He also recently published a fascinating book, Discover Your Inner Economist: Use Incentives to Fall in Love, Survive Your Next Meeting, and Motivate Your Dentist. Although his book wasn’t about happiness, I found it quite relevant to the Happiness Project.

Gretchen: What’s a simple activity that consistently makes you happier?
Tyler: Why don’t we start with food, sleep, and sex? There’s writing, blogging, and reading too, not to mention consuming artificially created stories. In fact most of life seems to fit under #1.

Gretchen: What’s something you know now about happiness that you didn’t know when you were 18 years old?
Tyler: I wasn’t so wise at 18 but I’m still not so wise today. I have the same basic temperament, which is the main thing.

Gretchen: Is there anything you find yourself doing repeatedly that gets in the way of your happiness?
Tyler: Not that I can think of. Being grudge-free is very important and I’ve done OK on that score.

Gretchen: Is there a happiness mantra or motto that you’ve find very helpful?
Tyler: Kids change people, but most people don’t change so much otherwise. Acceptance is therefore important.

Gretchen: If you’re feeling blue, how do you give yourself a happiness boost?
Tyler: Think of me as a liar if you wish, but (short of witnessing the decay or death of loved ones) I don’t really get depressed. See #2.

Gretchen: Is there anything that you see people around you doing or saying that adds a lot to their happiness, or detracts a lot from their happiness?
Tyler: Grudges and blaming other people are very harmful, in my view. Their actions really are determined by forces outside their control and it is time to accept that. Don’t blame them for what is wrong in your life.

Gretchen: Have you always felt about the same level of happiness, or have you been through a period when you felt exceptionally happy or unhappy – if so, why? If you were unhappy, how did you become happier?
Tyler: Same, same, same. Same!

Gretchen: Do you work on being happier? If so, how?
Tyler: I don’t believe in working on being happy, I think it produces anxiety. I’m pretty happy but I also don’t see happiness as an all-important value. We pursue values other than happiness all the time, and for the better.

Gretchen: Have you ever been surprised that something you expected would make you very happy, didn’t – or vice versa?
Tyler: Marriage is good for the happiness of men, but I had expected that. Travel is an interesting issue. It makes people deeper, and makes their internal mental stream much richer, but I’m not sure it ever makes them *happier* per se. It can be a lot of hard work and also some frustration. Still it is worth doing as much as you can.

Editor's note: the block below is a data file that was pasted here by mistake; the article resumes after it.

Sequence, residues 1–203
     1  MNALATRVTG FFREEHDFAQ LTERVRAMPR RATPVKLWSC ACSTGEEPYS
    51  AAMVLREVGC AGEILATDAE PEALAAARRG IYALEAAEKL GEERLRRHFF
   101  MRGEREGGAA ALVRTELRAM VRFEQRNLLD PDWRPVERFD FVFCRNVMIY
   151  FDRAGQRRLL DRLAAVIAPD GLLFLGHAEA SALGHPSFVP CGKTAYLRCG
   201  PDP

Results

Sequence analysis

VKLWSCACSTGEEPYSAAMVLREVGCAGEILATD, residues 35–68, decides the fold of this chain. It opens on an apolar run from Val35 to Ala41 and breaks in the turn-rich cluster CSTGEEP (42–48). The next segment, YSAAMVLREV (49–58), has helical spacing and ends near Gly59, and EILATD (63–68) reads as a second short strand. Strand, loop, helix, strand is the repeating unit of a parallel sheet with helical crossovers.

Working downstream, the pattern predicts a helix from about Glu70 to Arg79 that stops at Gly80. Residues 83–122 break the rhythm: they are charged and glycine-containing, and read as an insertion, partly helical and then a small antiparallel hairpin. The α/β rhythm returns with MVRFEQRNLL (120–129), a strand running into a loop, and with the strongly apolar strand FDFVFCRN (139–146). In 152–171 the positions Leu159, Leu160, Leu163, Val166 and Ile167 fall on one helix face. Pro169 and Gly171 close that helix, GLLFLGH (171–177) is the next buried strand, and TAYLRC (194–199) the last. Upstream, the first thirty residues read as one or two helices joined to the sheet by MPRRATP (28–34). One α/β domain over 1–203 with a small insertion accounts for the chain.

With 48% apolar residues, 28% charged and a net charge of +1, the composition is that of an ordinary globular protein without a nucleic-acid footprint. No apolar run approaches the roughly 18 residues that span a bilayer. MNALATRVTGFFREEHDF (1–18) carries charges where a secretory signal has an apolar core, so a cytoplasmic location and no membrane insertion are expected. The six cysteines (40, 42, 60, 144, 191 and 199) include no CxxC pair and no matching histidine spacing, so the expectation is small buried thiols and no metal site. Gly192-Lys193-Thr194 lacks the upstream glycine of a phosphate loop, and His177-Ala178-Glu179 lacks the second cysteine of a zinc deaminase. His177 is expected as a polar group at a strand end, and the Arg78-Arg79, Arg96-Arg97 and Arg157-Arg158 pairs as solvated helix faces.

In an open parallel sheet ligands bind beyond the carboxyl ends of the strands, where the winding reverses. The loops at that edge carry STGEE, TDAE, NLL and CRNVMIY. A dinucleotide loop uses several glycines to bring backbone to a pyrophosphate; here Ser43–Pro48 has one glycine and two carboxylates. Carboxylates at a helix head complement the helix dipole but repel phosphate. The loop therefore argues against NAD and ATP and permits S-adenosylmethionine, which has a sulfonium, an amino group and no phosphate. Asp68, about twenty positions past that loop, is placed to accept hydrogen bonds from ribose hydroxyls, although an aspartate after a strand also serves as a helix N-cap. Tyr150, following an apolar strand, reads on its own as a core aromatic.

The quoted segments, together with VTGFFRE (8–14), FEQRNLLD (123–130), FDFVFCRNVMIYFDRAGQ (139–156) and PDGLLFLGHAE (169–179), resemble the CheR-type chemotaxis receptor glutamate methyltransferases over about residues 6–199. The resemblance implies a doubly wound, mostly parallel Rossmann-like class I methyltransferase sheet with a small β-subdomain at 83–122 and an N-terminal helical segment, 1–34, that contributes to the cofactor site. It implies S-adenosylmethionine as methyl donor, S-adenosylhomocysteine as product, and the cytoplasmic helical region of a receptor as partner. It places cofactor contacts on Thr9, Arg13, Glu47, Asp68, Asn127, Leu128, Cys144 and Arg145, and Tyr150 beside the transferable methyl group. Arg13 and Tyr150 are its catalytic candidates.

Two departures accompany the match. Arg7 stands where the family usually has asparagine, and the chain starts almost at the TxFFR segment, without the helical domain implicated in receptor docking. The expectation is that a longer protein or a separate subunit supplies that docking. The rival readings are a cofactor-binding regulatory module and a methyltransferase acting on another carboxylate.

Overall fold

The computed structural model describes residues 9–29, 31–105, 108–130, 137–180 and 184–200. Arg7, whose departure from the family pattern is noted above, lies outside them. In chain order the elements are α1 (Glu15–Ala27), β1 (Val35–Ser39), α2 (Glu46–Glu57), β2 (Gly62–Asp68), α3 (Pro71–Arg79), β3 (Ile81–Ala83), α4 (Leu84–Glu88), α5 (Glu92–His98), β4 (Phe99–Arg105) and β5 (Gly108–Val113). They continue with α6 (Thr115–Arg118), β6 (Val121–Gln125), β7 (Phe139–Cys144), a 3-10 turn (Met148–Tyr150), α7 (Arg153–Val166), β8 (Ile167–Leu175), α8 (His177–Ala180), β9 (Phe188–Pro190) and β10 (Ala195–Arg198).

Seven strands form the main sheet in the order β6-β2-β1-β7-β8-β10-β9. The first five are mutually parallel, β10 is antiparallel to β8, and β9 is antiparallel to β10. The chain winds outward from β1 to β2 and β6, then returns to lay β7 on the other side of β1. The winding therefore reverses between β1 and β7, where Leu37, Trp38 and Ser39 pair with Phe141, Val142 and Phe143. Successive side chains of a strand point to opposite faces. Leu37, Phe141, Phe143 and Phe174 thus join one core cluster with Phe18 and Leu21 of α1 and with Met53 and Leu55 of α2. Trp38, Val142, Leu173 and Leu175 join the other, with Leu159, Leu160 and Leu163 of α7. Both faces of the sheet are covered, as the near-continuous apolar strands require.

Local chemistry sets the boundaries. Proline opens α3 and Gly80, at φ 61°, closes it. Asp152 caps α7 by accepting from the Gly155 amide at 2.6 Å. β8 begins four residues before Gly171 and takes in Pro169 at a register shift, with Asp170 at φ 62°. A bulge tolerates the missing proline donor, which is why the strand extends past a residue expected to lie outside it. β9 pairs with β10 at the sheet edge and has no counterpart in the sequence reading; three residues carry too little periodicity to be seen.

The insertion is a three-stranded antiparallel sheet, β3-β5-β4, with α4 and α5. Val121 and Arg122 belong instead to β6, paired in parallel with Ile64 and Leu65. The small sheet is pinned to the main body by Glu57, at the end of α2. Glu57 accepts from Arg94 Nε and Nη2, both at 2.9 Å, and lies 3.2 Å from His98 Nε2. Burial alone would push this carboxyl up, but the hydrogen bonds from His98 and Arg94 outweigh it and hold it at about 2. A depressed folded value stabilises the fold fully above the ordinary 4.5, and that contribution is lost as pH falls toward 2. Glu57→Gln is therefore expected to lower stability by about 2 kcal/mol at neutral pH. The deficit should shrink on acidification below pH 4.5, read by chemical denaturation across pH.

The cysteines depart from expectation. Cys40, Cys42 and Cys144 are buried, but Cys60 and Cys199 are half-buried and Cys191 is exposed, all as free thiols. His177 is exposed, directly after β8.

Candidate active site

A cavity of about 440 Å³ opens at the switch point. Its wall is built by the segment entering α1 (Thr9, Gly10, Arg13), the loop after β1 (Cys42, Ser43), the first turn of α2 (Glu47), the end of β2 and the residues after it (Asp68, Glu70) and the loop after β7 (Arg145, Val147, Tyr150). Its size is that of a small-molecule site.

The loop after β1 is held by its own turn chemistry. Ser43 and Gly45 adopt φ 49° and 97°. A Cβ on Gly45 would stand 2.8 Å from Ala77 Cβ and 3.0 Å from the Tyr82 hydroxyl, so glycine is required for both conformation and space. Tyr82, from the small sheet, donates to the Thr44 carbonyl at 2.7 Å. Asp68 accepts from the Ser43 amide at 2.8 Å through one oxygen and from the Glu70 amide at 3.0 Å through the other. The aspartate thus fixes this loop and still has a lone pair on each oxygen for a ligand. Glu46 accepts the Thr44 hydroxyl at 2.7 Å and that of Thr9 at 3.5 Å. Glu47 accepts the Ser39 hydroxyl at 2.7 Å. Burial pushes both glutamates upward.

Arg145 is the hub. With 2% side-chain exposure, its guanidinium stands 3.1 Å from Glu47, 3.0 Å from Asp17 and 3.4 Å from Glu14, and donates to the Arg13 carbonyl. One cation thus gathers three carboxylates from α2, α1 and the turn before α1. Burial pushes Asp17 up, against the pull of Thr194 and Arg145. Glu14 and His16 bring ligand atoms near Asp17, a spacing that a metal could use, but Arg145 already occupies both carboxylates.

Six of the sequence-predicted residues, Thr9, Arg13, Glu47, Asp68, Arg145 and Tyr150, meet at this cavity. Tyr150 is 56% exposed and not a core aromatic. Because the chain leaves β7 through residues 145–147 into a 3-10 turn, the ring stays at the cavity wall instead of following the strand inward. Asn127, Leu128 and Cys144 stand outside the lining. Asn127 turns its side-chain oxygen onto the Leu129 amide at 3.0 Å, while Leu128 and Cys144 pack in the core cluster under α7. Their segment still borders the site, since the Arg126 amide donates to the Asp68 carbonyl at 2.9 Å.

Check out my new one-minute internet movie, Secrets of Adulthood.

Setting resolutions: why an ambitious resolution might not necessarily be the right resolution.

Recently, in a post, I included a quotation from George Orwell’s essay, Reflections on Gandhi. The essay is absolutely fascinating, on a number of levels, and also quite controversial; I found myself thinking about a different section of it today, in another context. Note: I’m quoting it because I think it’s worth thinking about, not because I necessarily agree with every point Orwell is making here (or ever made in his whole career).

One of Orwell’s main arguments is that Gandhi’s saintliness makes him inhuman:

But one should, I think, realize that Gandhi’s teachings cannot be squared with the belief that Man is the measure of all things and that our job is to make life worth living on this earth, which is the only earth we have. They make sense only on the assumption that God exists and that the world of solid objects is an illusion to be escaped from. It is worth considering the disciplines which Gandhi imposed on himself and which…he considered indispensable if one wanted to serve either God or humanity. First of all, no meat-eating, and if possible no animal food in any form. And finally– this is the cardinal point–for the seeker after goodness there must be no close friendships and no exclusive loves whatever.

Close friendships, Gandhi says, are dangerous, because “friends react on one another” and through loyalty to a friend one can be led into wrong-doing. This is unquestionably true. Moreover, if one is to love God, or to love humanity as a whole, one cannot give one’s preference to any individual person. This again is true, and it marks the point at which the humanistic and the religious attitude cease to be reconcilable. To an ordinary human being, love means nothing if it does not mean loving some people more than others. The autobiography leaves it uncertain whether Gandhi behaved in an inconsiderate way to his wife and children,